Take the 2-minute tour ×
Stack Overflow is a question and answer site for professional and enthusiast programmers. It's 100% free, no registration required.

In C, it is considered bad practice to call strlen like this:

for ( i = 0; strlen ( str ) != foo; i++ )
{
    // stuff
}

The reason, of course, is that it is inefficient since it "counts" the characters in a string multiple times.

However, in Python, I see code like this quite often:

for i in range ( 0, len ( list ) ):
    # stuff

Is this bad practice? Should I store the result of len() in a variable and use that?

share|improve this question
2  
I hope you don't see code like that, but for a completely different reason: Python provides direct iteration, and the code you're showing is going out of its way to make things harder than necessary. You can get the items of my_list directly with for item in my_list:; there is no need to generate indexes. –  Karl Knechtel Mar 31 '12 at 7:44

3 Answers 3

up vote 8 down vote accepted

In Python, a for loop iterates through a list-like object, it doesn't have a conditional statement that is checked each time. To illustrate, the following two loops are functionally equivalent; the while loop is a direct translation of for (i=0; i< n; i++) { ... }, while the for loop is the Pythonic way of doing it:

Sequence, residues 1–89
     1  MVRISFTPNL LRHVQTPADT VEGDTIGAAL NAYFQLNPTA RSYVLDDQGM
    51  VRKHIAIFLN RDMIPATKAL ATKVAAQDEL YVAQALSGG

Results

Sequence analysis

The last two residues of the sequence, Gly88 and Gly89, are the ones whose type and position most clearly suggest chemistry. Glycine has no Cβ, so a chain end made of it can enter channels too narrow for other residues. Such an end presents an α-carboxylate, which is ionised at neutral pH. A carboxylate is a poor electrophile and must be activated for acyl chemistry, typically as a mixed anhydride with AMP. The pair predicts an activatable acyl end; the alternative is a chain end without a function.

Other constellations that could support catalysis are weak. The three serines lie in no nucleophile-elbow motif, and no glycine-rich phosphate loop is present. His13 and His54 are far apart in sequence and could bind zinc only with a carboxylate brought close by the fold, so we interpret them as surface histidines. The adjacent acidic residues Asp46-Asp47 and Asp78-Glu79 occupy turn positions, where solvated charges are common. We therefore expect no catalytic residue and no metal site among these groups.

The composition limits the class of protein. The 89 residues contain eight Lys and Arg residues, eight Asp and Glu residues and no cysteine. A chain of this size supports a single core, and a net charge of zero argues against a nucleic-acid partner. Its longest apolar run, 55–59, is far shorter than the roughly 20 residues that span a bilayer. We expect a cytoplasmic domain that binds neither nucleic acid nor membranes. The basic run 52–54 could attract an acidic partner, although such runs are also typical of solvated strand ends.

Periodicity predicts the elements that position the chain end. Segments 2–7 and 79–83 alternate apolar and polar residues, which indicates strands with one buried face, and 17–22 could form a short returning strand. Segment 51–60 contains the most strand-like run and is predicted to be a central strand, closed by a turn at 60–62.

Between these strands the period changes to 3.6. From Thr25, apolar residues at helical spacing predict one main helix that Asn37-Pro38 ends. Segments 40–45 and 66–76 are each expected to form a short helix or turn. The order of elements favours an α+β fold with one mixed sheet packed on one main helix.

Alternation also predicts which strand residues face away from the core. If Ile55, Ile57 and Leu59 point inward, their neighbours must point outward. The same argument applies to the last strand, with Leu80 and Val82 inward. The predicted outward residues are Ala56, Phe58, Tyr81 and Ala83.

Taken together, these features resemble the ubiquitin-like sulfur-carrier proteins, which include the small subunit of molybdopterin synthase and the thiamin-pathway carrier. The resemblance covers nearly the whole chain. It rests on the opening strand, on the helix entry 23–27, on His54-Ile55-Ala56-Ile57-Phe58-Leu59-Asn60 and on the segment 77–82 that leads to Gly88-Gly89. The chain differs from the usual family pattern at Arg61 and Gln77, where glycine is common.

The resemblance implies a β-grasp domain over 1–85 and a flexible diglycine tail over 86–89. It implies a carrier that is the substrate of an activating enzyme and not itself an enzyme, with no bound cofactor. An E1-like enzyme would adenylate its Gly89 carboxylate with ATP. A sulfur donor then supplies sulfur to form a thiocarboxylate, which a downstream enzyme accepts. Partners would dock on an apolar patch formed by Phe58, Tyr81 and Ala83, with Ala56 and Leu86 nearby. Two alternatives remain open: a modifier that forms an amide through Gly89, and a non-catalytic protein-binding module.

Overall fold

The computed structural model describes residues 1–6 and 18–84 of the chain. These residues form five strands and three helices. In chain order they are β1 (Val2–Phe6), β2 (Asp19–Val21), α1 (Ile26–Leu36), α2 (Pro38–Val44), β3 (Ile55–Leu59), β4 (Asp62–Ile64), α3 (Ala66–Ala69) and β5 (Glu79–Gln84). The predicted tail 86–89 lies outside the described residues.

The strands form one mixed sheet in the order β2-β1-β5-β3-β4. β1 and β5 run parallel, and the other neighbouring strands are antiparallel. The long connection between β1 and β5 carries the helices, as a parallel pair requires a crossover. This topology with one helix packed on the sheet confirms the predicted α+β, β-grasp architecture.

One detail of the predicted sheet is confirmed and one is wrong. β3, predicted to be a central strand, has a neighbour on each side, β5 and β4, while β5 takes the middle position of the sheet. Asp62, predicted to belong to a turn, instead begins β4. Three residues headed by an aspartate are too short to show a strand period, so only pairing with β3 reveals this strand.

i = 0
while i < n:
   # do some actions using i
   i += 1

for i in range(n):
   # do some actions using i

In the for loop, range(n) is evaluated before the loop starts, and then its return value is used in the loop. In other words, range(n) is evaluated once (and only once) to get the list* of values that i should take.

So in the specific example given, Python sees for i in range(0, len(list)), evaluates range(0, len(list)) (so len is called once) and stores the output (it doesn't call range (or len) again).

(* in Python 3.x range doesn't actually return a list, but when using it in a for loop there is no difference in functionality)

share|improve this answer

This is fine in python because the range function creates a list that the for loop subsequently uses. Therefore len is only called once. Also, you don't need the extra 0 there because range starts counting from 0 if no extra options are there.

As a side note, you'll usually want to use xrange instead since it creates a generator that is evaluated lazily.

share|improve this answer
    
Note: In python 3 range creates a generator and xrange has been removed. –  jamylak Mar 31 '12 at 5:14
2  
@jamylak Of course, I just assumed earlier versions. The day that all python code is written for python 3 will be a great day. –  Squazic Mar 31 '12 at 5:19

Writing for i in range(len(whatever)) is poor style in Python. As others have mentioned, direct iteration is available via for element in whatever. However, people keep doing it anyway for two reasons:

  1. They're C programmers and haven't wrapped their heads around direct iteration.

  2. They want to modify the list while iterating through it, or otherwise need the indices. If this is the case, the Pythonic way to do it is the enumerate function: for i, element in enumerate(whatever).

share|improve this answer

Your Answer

 
discard

By posting your answer, you agree to the privacy policy and terms of service.

Not the answer you're looking for? Browse other questions tagged or ask your own question.